When Griffin Reinhart wants a little advice on playing defence, or on how to carry himself as a player and
a person, he doesn’t have very far to go.
Reinhart, 16, is the son of Paul Reinhart, who played 648 NHL games with Atlanta, Calgary and Vancouver
And while Griffin wasn’t around to see any of his dad’s on-ice career (he was born four years after Paul’s
retirement), he’s heard the stories and seen the highlights enough to know he’s got a pretty good source of
“I haven’t really seen much of him playing, I’ve just heard a lot about it,” Griffin says. “I know he did
a lot, and he just gives me tips on pretty much everything.”
Well, almost everything – Paul played in the days before the World Under-17 Hockey Challenge, so when
Griffin wants to talk about what to expect when he steps on the ice in Winnipeg, he looks no further than
older brother Max, who wore the red and white for Pacific in 2009, winning a silver medal.
But it’s not just the international game the brothers can talk about. A rookie with the WHL’s Edmonton Oil
Kings, Griffin is getting used to life away from home, something Max knows all about – he’s in his third WHL
season with the Kootenay Ice.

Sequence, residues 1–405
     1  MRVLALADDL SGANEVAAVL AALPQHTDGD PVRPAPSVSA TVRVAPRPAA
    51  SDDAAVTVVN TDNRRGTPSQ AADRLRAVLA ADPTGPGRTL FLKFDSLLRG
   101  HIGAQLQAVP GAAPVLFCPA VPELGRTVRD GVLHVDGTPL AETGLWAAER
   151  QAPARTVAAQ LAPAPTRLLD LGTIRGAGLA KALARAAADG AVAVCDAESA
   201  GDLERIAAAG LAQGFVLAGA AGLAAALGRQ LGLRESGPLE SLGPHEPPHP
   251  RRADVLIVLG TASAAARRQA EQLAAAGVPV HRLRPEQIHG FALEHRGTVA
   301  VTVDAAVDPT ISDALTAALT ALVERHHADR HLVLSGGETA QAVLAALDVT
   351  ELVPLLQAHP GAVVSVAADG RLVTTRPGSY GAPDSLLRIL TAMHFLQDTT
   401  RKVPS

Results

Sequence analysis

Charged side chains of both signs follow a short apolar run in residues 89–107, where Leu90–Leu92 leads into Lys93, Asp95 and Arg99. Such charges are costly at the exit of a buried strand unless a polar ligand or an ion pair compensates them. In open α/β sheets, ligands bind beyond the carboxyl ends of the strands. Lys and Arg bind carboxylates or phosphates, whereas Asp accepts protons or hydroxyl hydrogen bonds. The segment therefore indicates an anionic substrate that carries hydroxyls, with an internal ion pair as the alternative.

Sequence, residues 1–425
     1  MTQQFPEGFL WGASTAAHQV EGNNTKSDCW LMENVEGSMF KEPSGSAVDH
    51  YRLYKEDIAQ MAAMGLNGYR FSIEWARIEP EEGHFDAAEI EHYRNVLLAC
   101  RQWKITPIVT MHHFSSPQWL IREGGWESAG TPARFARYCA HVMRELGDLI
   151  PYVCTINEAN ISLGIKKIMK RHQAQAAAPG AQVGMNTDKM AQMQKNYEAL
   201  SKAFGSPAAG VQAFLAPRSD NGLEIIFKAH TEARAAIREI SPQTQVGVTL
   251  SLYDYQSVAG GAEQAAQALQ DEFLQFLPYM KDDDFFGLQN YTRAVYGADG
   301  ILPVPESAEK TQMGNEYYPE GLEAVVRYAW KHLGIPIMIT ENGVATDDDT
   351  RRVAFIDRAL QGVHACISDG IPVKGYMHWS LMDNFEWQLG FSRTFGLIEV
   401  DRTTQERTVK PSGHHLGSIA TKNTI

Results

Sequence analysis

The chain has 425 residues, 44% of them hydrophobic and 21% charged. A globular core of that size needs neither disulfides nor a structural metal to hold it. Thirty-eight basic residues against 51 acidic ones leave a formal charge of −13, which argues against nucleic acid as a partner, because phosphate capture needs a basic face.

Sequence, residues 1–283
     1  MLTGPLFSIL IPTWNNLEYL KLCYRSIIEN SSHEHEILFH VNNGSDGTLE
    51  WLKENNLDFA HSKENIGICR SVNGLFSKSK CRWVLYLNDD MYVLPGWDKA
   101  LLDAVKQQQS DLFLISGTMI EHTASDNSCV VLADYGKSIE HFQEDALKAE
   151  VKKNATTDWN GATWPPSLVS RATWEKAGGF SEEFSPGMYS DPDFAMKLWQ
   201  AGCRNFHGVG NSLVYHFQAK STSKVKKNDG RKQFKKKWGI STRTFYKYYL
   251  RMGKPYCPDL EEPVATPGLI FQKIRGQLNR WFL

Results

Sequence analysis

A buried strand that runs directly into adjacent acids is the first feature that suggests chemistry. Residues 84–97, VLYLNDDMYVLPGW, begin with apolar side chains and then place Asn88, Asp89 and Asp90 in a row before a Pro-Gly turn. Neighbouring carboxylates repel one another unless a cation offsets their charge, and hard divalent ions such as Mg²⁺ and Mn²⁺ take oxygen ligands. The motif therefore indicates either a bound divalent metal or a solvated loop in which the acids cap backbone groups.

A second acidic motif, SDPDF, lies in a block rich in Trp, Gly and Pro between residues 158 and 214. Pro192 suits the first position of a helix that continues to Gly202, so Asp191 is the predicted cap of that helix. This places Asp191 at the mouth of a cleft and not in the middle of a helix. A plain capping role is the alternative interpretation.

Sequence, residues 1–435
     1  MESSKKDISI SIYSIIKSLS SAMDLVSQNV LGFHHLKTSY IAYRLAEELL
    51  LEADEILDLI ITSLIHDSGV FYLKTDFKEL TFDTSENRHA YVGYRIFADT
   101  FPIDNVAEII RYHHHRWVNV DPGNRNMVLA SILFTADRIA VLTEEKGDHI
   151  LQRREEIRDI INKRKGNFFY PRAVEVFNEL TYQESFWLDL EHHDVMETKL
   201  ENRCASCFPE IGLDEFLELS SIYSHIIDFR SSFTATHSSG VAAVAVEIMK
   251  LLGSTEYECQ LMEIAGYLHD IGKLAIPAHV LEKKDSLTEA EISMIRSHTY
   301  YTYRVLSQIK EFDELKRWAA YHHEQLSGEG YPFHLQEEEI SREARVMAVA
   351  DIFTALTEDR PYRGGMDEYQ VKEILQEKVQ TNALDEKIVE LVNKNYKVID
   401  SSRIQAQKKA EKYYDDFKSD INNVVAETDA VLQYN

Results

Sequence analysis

“He gives me advice on how to handle being away from home,” Griffin says of 18-year-old Max. “He’s been
through a lot of what I’m going through, so he’s a good person to talk to.”
If there’s one thing, though, that father and son can compare notes on, it’s playing under pressure.
Although Paul may have the lead in that category – he played for Canada at the 1981 Canada Cup and in a pair
of IIHF World Championships, as well as the Stanley Cup Final with the Flames in 1986 – his son has played in
his share of big games, winning B.C. provincial championships in each of the last two years.
Griffin played Midget hockey as a 14-year-old, helping the Hollyburn Huskies to a B.C. Tier 1 title in
2008-09 before joining the Vancouver North West Giants last year and earning a B.C. Major Midget League
Not surprisingly, it was Paul who introduced Griffin to the game, putting him in his first pair of skates
at the age of two and signing him up for minor hockey four years later.
But the elder Reinhart says that despite his career choice, he doesn’t put pressure on his sons to follow
in his footsteps.
“I’m not pushing them to make it a career,” Paul says. “They have to have recognition and be given an
environment to pursue it. (Griffin) has a great opportunity, but there is a fine line between those that make
it and the ones that don’t.”
Already six-foot-four, a high WHL draft pick (third overall by Edmonton in 2009) and the son of an NHLer,
one would think the pressure to succeed might get to a teenager just beginning his Major Junior career.
Not so, says Griffin.
“I don’t really feel it,” he says of the pressure. “I don’t get nervous, I just use everything as
motivation to get better.”